One young girl who united all Sri Lankans..and she wears a head scarf..

One young girl who united all Sri Lankans..and she wears a head scarf..

When Shukra Munawwar excelled in the Sri Lankan version of “Who Wants to be a Millionaire’ on a local TV channel, the 17 year old schoolgirl from the South of Sri Lanka, brought all Sri Lankans together in one joyous celebration.

It was not just her sincerity, her candid and cheerful demeanor that captured the hearts across religious and ethnic divides.

It was her story, her talent, her skill and her determination.

Shukra, beautifully clad in a head scarf and exceptionally knowledgeable in her answers, was not just another Muslim girl – she was a Sri Lankan young woman, who epitomized the hopes and dreams of her generation.

In a nation that has been more than divided – deeply wounded in fact – following the brutal Easter Sunday massacre in churches and hotels that saw over 300 dead and countless wounded, many still in deep trauma and recovery, Shukra was the healing balm we all needed.

The recent controversy over the cremation of COVID-19 victims had only widened the level of tensions.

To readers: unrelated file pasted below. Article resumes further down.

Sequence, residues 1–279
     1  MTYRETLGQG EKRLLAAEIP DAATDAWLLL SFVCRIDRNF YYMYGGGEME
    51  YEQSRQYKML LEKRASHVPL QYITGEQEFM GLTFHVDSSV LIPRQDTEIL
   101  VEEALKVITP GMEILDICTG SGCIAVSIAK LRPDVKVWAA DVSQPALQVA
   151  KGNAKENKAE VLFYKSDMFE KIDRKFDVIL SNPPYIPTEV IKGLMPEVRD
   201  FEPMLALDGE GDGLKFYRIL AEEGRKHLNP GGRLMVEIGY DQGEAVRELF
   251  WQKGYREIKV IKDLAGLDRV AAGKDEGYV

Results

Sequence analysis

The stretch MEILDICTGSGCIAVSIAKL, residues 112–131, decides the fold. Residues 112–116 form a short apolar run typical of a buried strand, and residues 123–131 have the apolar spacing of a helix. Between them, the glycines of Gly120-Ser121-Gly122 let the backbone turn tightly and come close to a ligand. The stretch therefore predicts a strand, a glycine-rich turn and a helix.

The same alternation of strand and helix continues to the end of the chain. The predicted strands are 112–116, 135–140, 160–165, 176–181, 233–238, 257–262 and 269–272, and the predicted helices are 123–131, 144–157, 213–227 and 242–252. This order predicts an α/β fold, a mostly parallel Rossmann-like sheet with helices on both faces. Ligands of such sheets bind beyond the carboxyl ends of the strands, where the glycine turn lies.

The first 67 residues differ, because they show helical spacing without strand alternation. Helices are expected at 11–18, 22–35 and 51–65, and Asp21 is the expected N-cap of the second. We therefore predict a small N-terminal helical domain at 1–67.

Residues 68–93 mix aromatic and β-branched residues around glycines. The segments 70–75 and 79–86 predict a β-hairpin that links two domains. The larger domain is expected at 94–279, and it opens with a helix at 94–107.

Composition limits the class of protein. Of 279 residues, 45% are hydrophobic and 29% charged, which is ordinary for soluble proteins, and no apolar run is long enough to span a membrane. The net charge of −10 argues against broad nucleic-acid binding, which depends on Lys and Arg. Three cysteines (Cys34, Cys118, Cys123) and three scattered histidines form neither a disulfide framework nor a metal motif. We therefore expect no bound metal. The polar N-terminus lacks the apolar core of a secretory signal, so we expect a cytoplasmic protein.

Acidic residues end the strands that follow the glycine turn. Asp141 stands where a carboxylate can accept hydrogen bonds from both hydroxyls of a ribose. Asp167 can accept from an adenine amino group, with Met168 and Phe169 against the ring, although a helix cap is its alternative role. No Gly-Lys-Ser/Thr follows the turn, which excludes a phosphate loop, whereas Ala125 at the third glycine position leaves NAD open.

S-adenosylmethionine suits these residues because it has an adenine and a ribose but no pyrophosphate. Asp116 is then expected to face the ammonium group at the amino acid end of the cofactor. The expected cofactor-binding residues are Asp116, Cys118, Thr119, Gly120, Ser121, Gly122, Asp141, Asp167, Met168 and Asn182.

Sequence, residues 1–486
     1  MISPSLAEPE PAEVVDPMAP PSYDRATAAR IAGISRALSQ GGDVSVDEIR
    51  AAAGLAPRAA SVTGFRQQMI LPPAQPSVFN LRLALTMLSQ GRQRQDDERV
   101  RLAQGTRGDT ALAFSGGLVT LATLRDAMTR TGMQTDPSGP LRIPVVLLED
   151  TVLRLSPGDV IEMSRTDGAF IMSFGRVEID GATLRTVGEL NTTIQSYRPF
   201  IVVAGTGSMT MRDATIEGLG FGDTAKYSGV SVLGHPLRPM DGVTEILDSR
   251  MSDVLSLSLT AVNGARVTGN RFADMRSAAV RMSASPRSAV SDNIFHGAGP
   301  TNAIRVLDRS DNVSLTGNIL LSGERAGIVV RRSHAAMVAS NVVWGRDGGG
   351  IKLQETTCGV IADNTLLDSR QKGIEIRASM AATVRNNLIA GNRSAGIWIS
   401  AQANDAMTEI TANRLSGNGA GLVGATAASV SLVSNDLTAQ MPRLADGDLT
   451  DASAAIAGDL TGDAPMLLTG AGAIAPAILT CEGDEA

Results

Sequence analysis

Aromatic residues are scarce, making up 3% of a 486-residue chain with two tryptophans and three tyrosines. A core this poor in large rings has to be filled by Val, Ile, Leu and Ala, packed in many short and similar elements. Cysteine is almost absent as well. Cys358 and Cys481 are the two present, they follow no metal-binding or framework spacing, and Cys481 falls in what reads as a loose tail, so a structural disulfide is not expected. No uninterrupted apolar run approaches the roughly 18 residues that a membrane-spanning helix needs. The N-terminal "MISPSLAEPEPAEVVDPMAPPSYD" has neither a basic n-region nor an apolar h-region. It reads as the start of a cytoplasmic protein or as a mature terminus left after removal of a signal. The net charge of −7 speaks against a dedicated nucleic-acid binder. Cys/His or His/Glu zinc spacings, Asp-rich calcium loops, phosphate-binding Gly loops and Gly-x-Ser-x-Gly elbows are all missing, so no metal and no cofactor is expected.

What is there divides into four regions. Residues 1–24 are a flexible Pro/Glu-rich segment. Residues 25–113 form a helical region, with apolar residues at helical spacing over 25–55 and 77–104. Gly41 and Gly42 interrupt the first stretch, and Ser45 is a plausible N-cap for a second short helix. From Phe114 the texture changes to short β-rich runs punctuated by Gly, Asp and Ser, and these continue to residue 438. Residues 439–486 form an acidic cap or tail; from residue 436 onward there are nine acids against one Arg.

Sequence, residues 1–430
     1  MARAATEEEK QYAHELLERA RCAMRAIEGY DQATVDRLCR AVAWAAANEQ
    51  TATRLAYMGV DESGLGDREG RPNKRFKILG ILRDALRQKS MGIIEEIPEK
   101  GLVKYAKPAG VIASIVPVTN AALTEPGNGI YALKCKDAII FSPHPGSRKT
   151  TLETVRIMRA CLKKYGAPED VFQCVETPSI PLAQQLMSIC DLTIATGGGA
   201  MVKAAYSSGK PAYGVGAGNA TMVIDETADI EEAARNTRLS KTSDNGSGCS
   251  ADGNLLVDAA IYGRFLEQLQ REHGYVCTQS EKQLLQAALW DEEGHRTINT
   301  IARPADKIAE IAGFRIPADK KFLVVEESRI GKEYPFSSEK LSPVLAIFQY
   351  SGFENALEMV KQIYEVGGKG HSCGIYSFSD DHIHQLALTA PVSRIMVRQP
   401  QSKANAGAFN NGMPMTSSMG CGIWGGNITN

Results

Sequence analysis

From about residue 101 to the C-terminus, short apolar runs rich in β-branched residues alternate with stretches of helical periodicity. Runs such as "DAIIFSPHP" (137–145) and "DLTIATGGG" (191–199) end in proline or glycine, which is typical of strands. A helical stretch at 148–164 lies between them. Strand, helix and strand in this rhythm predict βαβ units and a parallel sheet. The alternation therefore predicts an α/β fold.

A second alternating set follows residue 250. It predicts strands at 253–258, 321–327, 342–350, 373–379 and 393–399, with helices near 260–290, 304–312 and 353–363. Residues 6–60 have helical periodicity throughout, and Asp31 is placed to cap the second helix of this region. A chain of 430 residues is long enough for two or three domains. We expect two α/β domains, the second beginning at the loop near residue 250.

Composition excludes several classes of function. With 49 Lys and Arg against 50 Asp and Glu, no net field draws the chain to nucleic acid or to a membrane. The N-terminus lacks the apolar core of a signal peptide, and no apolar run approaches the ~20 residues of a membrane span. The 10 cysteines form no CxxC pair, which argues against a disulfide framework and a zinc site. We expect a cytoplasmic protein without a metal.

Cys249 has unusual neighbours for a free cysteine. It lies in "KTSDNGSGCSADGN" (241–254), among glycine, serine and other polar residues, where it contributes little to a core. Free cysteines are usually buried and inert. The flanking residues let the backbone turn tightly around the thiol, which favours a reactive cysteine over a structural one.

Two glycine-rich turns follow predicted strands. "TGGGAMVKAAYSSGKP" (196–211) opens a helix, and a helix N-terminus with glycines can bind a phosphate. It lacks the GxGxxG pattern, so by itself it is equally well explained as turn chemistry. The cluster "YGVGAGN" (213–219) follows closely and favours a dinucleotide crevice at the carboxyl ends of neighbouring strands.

But none of it was visible, when post after post on social media, shared by jubilant people of all ethnicities and religions, celebrated Shukra and her exceptional skills and talent tested on the screen.

There are lessons for us all here.

The courageous young woman up on the stage, telling her story of how she came to take part in the ‘Who Wants to Be a Millionaire” style contest on Sirasa TV, bubbled over with enthusiasm and hope.

She may have been from a less than affluent background but she was richer than many who boast of wealth, could be.

She was richer in her values, in her attitude and outlook in life and her unstoppable hope of a better tomorrow.

She came to take part in the show, she said, because she needed to buy a laptop computer to continue her studies online.

Her mother, who accompanied her to the show, couldn’t afford to buy one for her – her father was too sick to work and was bedridden. But she was determined to rise above it all.

In one single sentence, watched by thousands, this cheerful young woman was able to highlight the plight of hundreds of children who cannot afford the resources needed to pursue a holistic online study experience in Sri Lanka.

Her story was sad but she didn’t cry sharing it.